Republicans' new Web site not exactly what they hoped it would be
Republicans want to take over the House in the fall, but there's a problem: They don't have an agenda.
So on Tuesday, they set out to resolve that shortcoming. They announced that they would solicit suggestions on the Internet, then have members of the public give the ideas a thumbs-up or a thumbs-down. Call it the "Dancing With the Stars" model of public policy.
Republicans were very pleased with their technological sophistication as they introduced the Web site, America Speaking Out a ceremony at the Newseum. Rep. Kevin McCarthy (R-Calif.), who created the program, said that to get software for the site, "I personally traveled to Washington state and discovered a Microsoft program that helped NASA map the moon."
Using lunar software is appropriate, because the early responses to the Republicans' request for ideas are pretty far out:
"End Child Labor Laws," suggests one helpful participant. "We coddle children too much. They need to spend their youth in the factories."
"How about if Congress actually do thier job and VET or Usurper in Chief, Obama is NOT a Natural Born Citizen in any way," recommends another. "That fake so called birth certificate is useless."
"A 'teacher' told my child in class that dolphins were mammals and not fish!" a third complains. "And the same thing about whales! We need TRADITIONAL VALUES in all areas of education. If it swims in the water, it is a FISH. Period! End of Story."
House Republicans, meet the World Wide Web.
GOP leaders seemed to have something else in mind as they rolled out their new site. "I would expect the ideas that come out of this Web site and the involvement of our members will lead to ideas that we can attempt to implement today," House Minority Leader John Boehner (Ohio) proclaimed. "We want to continue to offer better solutions to address the problems that America is facing, and we see this as a giant step forward, directly engaging the American people in the development of those solutions."
"Build a castle-style wall along the border, there is plenty of stone laying around about there." That was in the "national security" section of the new site.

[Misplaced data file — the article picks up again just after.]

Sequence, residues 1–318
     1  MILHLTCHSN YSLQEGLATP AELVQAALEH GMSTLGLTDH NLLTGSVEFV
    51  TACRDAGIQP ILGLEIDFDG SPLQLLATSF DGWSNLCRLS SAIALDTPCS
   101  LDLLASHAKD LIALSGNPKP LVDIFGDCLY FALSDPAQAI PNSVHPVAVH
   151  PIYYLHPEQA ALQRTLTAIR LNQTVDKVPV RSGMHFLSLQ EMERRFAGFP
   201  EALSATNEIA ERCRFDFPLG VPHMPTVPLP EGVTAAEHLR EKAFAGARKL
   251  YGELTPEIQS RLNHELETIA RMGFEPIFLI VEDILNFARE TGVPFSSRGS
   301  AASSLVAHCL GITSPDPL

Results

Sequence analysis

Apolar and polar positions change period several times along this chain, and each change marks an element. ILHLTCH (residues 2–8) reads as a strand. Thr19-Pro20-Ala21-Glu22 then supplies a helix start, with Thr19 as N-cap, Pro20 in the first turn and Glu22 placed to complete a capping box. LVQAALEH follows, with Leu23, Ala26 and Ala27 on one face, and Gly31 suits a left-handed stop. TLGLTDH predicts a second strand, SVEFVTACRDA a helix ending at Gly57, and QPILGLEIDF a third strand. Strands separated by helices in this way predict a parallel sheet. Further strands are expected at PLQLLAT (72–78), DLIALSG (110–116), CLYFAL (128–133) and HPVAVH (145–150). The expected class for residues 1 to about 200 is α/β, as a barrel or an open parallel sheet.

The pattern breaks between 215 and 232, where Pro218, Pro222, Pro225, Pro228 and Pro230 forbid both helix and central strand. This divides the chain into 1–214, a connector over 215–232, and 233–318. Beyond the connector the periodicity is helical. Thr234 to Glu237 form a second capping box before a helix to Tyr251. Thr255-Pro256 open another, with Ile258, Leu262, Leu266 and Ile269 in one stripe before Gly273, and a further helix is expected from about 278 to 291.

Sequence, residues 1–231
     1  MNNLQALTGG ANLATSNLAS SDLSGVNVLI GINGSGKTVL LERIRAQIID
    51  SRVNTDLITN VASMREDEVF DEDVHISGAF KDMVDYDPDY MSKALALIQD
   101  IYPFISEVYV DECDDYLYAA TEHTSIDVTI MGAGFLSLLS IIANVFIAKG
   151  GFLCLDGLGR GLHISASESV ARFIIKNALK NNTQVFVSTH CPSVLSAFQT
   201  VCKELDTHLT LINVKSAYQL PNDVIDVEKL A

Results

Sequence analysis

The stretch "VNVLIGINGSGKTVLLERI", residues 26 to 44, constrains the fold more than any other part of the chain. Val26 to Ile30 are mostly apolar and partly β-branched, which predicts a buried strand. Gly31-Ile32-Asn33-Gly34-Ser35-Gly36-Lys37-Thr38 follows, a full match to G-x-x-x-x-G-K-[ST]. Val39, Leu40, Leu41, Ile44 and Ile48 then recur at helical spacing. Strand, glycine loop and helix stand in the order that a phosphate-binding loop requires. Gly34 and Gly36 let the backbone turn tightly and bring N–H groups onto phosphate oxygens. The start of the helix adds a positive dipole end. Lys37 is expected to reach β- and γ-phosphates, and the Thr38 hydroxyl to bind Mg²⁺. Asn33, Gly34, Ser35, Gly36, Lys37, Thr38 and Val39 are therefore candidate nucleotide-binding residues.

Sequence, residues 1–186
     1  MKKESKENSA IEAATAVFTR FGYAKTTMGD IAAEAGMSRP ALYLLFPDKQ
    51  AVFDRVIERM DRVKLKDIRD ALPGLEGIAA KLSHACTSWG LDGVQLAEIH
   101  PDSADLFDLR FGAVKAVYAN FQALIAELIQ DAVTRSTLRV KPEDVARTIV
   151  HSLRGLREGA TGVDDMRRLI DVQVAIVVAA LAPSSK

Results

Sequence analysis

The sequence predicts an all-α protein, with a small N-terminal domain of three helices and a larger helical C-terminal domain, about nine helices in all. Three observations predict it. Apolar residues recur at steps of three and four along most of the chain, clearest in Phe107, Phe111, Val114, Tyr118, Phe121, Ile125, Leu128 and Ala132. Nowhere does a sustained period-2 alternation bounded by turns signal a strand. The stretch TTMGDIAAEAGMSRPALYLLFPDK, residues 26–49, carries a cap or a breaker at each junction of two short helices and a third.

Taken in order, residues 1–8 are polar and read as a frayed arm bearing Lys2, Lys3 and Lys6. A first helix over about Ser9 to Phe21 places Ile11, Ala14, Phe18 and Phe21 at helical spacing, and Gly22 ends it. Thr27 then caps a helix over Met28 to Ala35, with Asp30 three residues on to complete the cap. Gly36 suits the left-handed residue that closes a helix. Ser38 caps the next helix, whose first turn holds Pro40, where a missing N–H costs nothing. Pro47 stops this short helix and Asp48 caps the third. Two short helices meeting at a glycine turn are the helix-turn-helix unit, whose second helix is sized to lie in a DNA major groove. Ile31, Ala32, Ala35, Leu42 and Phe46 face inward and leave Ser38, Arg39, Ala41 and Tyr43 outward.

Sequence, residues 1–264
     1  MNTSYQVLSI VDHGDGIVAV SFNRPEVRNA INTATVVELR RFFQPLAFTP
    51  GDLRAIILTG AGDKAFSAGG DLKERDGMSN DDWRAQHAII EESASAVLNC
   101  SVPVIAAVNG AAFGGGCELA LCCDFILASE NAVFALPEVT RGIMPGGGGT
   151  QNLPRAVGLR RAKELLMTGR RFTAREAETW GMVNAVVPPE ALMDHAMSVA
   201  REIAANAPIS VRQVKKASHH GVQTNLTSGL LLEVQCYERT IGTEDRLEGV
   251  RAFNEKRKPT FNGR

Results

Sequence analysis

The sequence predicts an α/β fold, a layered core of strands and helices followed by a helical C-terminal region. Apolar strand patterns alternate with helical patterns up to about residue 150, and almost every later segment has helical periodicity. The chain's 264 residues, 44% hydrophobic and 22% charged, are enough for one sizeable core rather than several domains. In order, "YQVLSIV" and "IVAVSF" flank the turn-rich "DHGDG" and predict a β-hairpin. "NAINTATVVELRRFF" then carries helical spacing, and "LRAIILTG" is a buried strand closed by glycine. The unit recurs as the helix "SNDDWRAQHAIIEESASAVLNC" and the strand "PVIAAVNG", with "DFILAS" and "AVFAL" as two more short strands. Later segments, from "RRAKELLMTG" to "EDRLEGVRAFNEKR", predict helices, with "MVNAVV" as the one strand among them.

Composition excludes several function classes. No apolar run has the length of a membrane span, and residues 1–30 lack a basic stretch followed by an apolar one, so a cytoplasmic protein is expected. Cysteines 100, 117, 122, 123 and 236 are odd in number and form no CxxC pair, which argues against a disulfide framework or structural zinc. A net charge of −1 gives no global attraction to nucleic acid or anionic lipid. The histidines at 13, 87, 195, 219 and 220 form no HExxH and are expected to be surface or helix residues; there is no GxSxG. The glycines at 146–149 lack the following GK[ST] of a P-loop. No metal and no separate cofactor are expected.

"Legalize Marijuana, cause, like, alcohol is legal. Man. Also." That was in the "traditional values" section.
"I say, repeal all the amendments to the Constitution." ("American prosperity" section.)
"Don't let the illegals run out of Arizona and hide. . . . I think that we should do something to identify them in case they try to come back over. Like maybe tattoo a big scarlet 'I' on their chests -- for 'illegal'!!!" (Filed under "job creation.")
The Republican leaders attempting to demonstrate their technological savvy at the Newseum brought to mind former Alaska senator Ted Stevens's observation that the Internet is a "series of tubes."
The Web site not only "has cutting-edge technology," asserted Rep. Peter Roskam (Ill.), "but a winsome design that is easy for people to interact with."
Lest you think Republicans are just discovering the Internet, Rep. Cathy McMorris Rodgers (Wash.) let it be known that "House Republicans have tweeted five times as many as the House Democrats. Leader Boehner has almost five times as many Facebook fans as Speaker Pelosi." Boehner grinned and gave a double thumbs-up.
Rep. Mike Pence (Ind.) contributed to the discussion by twice giving out the wrong address for the new site.
House Republicans had experimented with reality-show-style policymaking before. House Minority Whip Eric Cantor (Va.) has been having Internet users vote on which government programs to cut, but that experiment was more tightly controlled.
This one, McCarthy said, would do nothing less than "change the course of history." The Web site filters out obscenity and the like, but it hasn't kept out hundreds of ideas: some serious, some offensive and some so wacky they surely must be Democratic sabotage.
"Let kids vote!" recommended one. "Let's make a 'Social Security Lotto,' " proposed another. "What dope came up with the idea of criminalizing a parent's right to administer corporal punishment?" a third demanded.
Some contributors demanded action to uncover conspiracies involving the 9/11 attacks and the "NEW WORLD ORDER." One forward thinker recommended that we "build the city of the future somewhere in a non-inhabit part of the United States, preferably the desert."
Some of the uglier forces of the Internet found their way to the House Republican site. "I oppose the Hispanicization of America," said one. "These are not patriotic people." Another contributor had parody in mind (we hope): "English is are official langauge. Anybody who ain't speak it the RIGHT way should kicked out."
But Republicans might want to take a hard look at the suggestion that "we need to reframe the discussion" about the BP oil spill to counteract the "environmental whackos" worried about wildlife. Republicans, this person proposed, should argue that "BP is creating a new race of faster dolphins. These fish are unable to compete against the fish of other countries, but now their increased lubrication will allow them to fly through the water. Faster fish = good."